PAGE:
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Russian Company Develops Office Suite

Russian Company Develops Office SuiteRussian Company Develops Office Suite

In line with the growing “buy domestic” trend that has swept Russia over the past two years, developers have created a homegrown suite of office applications designed as an alternative to popular western products such as Microsoft Office.

The new suite of programs, called ‘MoyOffice’ (‘MyOffice’) was developed by the company New Cloud Technologies, a firm which is focused, according to its website, on the creation of “complex cloud solutions for online mass storage and document processing”, LifeNews reports

The suite’s developers explained that their suite, developed from scratch beginning in 2013, is designed as a leaner, less bulky alternative to programs like Microsoft Office, with Russian users said to exploit, on average, no more than 20% of the latter’s built-in functionality, Sputnik writes.

With this in mind, developers decided to drop the bloat and focus on key features, processing speed and accessibility. MyOffice features programs, including Text, Spreadsheet, Presentation, Mail, Calendar and Contacts, along with a ‘Documents’ repository.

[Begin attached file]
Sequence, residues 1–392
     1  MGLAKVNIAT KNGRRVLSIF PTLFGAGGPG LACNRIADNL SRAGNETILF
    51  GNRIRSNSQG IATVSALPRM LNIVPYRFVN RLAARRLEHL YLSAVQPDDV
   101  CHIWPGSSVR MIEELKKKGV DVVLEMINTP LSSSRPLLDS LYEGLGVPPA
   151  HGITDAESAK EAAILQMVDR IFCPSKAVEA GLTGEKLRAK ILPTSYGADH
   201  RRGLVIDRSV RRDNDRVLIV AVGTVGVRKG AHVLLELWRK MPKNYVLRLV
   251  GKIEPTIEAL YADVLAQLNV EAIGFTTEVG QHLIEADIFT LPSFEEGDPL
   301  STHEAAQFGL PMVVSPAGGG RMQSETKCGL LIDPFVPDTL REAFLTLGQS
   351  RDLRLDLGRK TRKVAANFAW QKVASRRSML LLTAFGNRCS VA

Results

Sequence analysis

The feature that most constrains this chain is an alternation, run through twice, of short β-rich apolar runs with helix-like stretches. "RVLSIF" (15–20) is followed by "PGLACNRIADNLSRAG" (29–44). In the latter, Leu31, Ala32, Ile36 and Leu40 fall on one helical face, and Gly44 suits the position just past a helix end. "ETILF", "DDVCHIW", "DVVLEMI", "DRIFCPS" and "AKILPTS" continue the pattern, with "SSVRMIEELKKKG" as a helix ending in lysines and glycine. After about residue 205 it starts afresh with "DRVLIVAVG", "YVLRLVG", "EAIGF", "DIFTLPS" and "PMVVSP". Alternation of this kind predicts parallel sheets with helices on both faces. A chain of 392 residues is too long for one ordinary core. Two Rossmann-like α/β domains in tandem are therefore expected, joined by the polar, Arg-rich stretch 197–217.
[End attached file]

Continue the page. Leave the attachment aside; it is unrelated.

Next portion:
Offered for use to government, corporate and individual clients, prices for the new office suite are expected to range from 5,000-7,000 rubles ($75-$105) for a one year subscription.

The new program arrives ahead of a series of laws recently passed by the Russian government, which step into effect on January 1, 2016, mandating that state agencies and public institutions purchase foreign programs only if no domestic equivalent is available.

With this in mind, New Cloud Technologies will be offering its suite on a trial basis to about 70,000 government workers, with plans to begin introducing the program to Russian public schools in February.

Furthermore, the company does not plan to limit itself to Russian-speaking markets, with ambitious plans to capture one-fifth of the market in Brazil and Latin America, and a 10% share of the European market over the next five years.

Financialtribune.com